and further development, their cooperation in projects, their willingness to accept changes and new tasks, their ideas and suggestions for improvement, the results of the employees-day, the culture of open communication and dialogue and the collegial supporting one another during illness or in the event of work overload. The high part-time employment rate of 45% and the very low rate of staff turnover are also significant in this respect.
Our way to improved results The customer/citizen-oriented results are the result of: – employee workshops and training regarding customer orientation and effect orientation; – conducting customer surveys; – the development of an idea and complaint management system in 2003; – public relations, reflected in brochures, public shows and open days; – customer forums and discussions / debates; – encouraging accessibility by flexible opening hours and the distribution of documents in both paper and electronic versions; – benchmarking with respect to cost and performance accounting, which was also introduced in the other head offices in Upper Austria in 2002. The people results were influenced by – developing a corporate identity and the clear definition of goals; – a constant flow of information for employees and transparent decisions; – flexible working hours, part-time employment; – participation of employees in the project at all times – their opinions and ideas are always welcome; – consulting with the employee representative; – the very good working atmosphere and organisation culture; – encouraging mutual trust and respect ; – ensuring good working conditions throughout the organisation; – taking into account the work/private-life balance of employees; – in 2004, the annual meeting with all employees was carried out as an open space workshop meeting on
the subject “dialogue in the business – a day for the business culture”. Partnerships with important stakeholders (customers/citizens, interests groups and other public authorities, etc.) are also being set up. This encourages regional collaboration and the cooperation of all responsible parties and organisations in the district within the meaning of “Good Governance”. Special importance is attached to knowledge management, which ensures that knowledge is made available to all and that externally available information is used effectively.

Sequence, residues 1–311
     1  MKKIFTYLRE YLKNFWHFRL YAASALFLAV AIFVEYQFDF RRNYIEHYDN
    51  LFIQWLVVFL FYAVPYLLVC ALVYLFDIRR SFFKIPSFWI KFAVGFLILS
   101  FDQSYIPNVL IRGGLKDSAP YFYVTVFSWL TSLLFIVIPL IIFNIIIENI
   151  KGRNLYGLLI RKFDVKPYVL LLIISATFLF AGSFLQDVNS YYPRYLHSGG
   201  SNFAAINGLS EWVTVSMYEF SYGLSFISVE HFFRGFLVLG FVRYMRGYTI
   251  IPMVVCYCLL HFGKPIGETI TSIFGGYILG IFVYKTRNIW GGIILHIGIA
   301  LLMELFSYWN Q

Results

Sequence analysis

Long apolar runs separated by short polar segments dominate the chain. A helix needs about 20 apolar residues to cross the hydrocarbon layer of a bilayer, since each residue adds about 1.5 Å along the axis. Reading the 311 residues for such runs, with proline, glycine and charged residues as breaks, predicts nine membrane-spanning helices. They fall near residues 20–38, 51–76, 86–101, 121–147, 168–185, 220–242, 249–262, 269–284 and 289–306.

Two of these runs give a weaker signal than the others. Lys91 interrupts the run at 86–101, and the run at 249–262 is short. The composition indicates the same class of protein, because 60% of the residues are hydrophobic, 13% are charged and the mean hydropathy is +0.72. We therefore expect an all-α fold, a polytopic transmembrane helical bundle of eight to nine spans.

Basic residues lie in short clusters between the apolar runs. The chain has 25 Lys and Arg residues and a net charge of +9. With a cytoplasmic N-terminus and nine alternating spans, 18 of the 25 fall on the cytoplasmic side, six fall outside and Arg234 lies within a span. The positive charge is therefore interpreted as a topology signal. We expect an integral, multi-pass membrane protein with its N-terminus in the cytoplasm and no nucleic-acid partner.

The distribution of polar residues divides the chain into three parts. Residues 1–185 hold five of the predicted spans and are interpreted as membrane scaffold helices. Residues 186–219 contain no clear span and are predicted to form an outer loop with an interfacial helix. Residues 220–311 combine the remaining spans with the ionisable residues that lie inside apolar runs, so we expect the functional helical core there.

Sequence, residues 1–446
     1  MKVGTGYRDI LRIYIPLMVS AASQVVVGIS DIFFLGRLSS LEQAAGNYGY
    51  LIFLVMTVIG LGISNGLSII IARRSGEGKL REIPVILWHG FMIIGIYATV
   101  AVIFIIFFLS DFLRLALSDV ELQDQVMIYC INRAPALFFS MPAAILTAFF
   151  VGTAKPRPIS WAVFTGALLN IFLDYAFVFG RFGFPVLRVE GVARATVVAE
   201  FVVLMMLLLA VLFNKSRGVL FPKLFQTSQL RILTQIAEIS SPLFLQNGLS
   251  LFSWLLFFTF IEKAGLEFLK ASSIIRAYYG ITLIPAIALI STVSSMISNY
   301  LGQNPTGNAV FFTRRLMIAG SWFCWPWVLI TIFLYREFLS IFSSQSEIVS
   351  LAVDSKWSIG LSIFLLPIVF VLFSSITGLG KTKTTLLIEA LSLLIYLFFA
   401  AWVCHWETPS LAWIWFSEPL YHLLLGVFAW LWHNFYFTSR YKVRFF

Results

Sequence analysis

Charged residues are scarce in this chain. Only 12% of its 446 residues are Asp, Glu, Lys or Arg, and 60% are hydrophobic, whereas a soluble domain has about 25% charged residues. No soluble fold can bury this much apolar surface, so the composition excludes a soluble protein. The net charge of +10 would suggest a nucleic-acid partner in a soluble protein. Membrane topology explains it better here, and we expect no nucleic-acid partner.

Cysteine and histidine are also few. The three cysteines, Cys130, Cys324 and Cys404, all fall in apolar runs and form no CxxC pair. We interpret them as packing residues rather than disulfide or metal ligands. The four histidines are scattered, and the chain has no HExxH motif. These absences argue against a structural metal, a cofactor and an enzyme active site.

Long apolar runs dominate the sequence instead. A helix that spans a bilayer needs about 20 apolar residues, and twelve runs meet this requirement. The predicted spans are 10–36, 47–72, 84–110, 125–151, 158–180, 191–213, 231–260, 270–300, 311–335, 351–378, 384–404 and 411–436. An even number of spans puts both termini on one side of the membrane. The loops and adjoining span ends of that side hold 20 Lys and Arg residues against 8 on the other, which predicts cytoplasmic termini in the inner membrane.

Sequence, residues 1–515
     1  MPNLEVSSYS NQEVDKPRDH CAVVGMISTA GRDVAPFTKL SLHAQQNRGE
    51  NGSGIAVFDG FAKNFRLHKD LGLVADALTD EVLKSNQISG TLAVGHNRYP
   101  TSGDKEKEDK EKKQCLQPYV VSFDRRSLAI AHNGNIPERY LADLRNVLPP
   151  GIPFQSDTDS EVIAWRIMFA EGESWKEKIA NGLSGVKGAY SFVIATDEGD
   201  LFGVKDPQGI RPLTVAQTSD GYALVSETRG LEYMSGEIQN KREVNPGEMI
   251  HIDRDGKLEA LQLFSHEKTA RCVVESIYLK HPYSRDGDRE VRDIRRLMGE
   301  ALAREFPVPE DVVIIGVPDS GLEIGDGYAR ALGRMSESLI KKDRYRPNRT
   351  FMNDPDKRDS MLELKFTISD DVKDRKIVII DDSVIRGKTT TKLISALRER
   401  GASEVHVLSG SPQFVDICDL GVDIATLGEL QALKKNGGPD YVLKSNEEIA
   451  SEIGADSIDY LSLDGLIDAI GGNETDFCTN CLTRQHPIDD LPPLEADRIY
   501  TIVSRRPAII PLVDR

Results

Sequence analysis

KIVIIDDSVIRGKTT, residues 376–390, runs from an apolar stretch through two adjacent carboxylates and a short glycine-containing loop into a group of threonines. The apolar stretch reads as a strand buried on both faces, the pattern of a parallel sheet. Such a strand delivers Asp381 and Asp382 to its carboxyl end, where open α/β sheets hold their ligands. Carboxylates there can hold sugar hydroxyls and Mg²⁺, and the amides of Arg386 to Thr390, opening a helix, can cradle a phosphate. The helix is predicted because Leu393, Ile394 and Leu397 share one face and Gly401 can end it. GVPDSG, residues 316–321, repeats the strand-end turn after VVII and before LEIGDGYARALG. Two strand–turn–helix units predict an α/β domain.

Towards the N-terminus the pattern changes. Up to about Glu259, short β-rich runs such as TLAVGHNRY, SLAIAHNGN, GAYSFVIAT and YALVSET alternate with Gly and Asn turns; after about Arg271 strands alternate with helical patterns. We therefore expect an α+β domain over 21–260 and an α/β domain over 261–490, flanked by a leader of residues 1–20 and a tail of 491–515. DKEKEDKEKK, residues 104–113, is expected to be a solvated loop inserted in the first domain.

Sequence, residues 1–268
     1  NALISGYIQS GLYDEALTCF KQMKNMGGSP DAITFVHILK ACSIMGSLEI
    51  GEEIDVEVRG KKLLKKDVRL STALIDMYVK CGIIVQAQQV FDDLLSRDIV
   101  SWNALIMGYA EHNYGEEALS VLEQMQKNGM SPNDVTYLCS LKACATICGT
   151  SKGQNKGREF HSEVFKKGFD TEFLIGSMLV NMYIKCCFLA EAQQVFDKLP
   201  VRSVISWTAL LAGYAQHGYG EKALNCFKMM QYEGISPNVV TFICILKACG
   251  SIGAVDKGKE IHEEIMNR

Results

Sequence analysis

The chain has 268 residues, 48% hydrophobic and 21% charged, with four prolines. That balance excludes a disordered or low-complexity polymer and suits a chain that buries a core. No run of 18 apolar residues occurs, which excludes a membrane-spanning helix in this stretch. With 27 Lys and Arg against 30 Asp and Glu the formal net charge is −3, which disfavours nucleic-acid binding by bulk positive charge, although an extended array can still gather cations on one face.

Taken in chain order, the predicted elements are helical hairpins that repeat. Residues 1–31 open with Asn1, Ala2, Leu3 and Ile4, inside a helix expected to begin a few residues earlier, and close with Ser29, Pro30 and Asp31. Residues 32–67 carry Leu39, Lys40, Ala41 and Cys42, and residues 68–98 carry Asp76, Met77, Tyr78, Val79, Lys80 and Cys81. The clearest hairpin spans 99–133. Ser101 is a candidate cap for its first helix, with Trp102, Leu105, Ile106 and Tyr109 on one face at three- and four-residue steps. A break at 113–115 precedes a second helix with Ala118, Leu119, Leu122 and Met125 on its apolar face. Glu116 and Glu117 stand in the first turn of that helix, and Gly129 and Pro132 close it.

The CAF in practice The project team consisted of 10 persons. It was a representative group of the organisation and included members from different sectors and different levels within the organisation. Prior to the assessment, documents were issued to the assessment group in order to consider the subject. In April 2004, a half-day CAF introduction took place for the assessment team. In June 2004, the assessment was carried out during a day and a half using the standardised questionnaire. Most criteria were evaluated individually by the project members as a base for the mean value; for some criteria there was a group assessment. Discussion in this respect is vital, particularly concerning the background to any significant differences. The assessment process was supervised by external experts. It was pointed out that the result of the assessment depended on the openness of and care shown by persons. Objective details about structures and activities are therefore a precondition.
Lessons learned CAF supports the notion of competition in the sense of an incentive to further development. A precondition is the willingness to compare with other organisations.
Contact Dr. Wilbirg Mitterlehner, Head Administrator of the District office Rohrbach Ms. Berta Fuchs, Head Administrator of the district office Rohrbach E-mail: email@example.com
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The Regional Authority of the Olomouc Region The Regional Authority of the Olomouc region Country: Czech Republic Website: www.kr-olomoucky.cz CAF uses: 3 x Key words: improving quality of life for citizens Focus: citizen results